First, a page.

DP World warns companies of legal action over Djibouti operations
DP World, the world’s fourth biggest port operator, has reiterated its right of ownership of Doraleh Terminal in Djibouti, and warned companies intending to build or operate more port facilities in the African country of legal action.
In February, the Djiboutian authorities took control of the Doraleh terminal from a DP World-owned joint venture entity that designed, built and operated the terminal after winning the concession in 2006.
The concession agreement gave DP World “exclusive rights” to build and operate any other container ports and free zones in Djibouti, DP world said in a public notice placed in newspapers and online portals across Africa. However, there have been reports that the government of Djibouti is contracting with other companies in violation of DP World's exclusivity rights, it noted.
Djibouti is in talks with French shipping company CMA CGM to develop a new container terminal at an initial cost of $660 million, Aboubakar Omar Hadi, chairman of the Djibouti Ports and Free Zone Authority (DPFZA), told Reuters in March.
“Take notice that DP World and DCT [joint venture company] are the lawful holders of rights in respect of the ownership and operation of the container shipping terminal at Doraleh, Djibouti, and will pursue all available legal recourse,” DP World said in the public notice. The measures include “claims for damages, against any other entities that tortuously interfere or otherwise violate their rights with respect to the concession agreement,” it said.
The Nasdaq Dubai-listed port operator has already commenced arbitration proceedings before the London Court of International Arbitration to protect its rights, or to secure damages and compensation for breach or expropriation, it said in its February 23 statement.
The company said the concession agreement was recently upheld as a valid and binding contract under English law by a tribunal of arbitrators of the London Court of International Arbitration. The tribunal rejected the Djibouti government’s attempt to rescind the agreement based on false allegations of corruption.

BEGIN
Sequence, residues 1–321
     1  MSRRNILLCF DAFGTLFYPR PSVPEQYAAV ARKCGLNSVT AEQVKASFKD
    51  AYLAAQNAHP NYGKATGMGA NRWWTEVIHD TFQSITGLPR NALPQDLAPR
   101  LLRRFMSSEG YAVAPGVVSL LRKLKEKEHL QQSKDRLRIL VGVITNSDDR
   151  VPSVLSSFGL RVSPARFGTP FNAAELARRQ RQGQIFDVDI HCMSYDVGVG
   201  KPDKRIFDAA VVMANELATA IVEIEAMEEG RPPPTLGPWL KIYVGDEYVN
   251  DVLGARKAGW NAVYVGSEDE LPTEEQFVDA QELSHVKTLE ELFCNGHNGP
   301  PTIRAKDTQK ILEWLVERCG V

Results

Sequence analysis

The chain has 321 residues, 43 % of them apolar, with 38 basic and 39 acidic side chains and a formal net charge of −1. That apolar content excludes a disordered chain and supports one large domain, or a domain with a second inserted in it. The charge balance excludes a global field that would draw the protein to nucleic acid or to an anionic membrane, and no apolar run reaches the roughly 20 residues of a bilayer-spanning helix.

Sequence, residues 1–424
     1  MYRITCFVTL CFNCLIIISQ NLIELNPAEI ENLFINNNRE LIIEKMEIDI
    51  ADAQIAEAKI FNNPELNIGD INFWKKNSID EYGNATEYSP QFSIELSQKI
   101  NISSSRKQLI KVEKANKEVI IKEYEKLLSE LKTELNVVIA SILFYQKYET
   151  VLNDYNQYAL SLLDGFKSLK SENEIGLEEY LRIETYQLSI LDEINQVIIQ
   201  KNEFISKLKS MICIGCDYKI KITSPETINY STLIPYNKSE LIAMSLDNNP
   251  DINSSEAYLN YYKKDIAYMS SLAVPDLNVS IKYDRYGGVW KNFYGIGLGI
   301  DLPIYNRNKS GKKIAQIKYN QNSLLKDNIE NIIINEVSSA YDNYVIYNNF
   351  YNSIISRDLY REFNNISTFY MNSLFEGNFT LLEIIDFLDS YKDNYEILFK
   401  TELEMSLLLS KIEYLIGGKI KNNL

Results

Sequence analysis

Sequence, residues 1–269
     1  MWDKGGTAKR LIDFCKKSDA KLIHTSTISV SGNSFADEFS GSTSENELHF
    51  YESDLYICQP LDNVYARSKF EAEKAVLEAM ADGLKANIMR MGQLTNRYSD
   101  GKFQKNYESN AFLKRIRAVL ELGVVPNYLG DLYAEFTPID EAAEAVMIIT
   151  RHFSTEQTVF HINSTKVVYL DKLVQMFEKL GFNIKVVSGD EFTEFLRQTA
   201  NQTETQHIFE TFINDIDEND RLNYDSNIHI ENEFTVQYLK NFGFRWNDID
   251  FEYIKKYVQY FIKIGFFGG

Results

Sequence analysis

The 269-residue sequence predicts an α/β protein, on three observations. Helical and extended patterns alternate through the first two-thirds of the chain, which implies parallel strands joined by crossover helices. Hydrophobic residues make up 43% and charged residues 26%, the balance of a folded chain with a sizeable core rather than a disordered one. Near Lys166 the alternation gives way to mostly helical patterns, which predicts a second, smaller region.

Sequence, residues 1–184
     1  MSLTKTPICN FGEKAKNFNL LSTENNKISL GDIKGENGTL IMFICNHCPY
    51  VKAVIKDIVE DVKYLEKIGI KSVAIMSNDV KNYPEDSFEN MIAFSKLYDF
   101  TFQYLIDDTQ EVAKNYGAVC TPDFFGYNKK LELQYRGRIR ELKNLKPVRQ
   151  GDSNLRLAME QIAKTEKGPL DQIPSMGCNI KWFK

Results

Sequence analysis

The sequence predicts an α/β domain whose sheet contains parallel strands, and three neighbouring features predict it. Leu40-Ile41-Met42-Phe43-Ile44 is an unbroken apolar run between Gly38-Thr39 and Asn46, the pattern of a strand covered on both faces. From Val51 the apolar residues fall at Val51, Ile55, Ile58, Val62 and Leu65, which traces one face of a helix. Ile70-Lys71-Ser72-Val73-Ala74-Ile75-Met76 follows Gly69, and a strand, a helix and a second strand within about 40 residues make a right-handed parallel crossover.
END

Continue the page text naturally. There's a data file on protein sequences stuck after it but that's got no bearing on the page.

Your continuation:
The UAE Government has already denounced the “arbitrary” move by Djibouti. Minister of State for Foreign Affairs, Dr Anwar Gargash, called it “regrettable” on Twitter in February, saying “agreements, commitments and reassurances didn’t hold up to arbitrary measures against DP World”.
DP world last month denied that it had received an offer from Djibouti to buy its 33 per cent stake in the terminal after Mr Hadi told Reuters that the country is prepared to buy DP World’s stake in the Doraleh terminal.
“Contrary to recent newspaper reports, the government of Djibouti have not offered to buy our 33 per cent shareholding in Doraleh Container Terminal,” a DP World spokesman said in a March 29 statement.
Besides Djibouti, DP World faces hurdles in its operations in Somaliland, a semi-autonomous region in northern Somalia. Earlier this month, Somalia’s Lower House voted to reject a deal by Somaliland and DP World to grant a stake in the Port of Berbera to Ethiopia, aggravating a row between the central government in Mogadishu and Somaliland.
However, despite the headwinds it is facing in Africa, DP World continues to expand in the continent. It won a 30-year concession to develop a $1 billion deep-water port along the Democratic Republic of Congo’s Atlantic coast in March. DP World will get a 70 per cent stake and the DRC government keeps a 30 per cent holding in the project. Construction will start this year and finish in two years.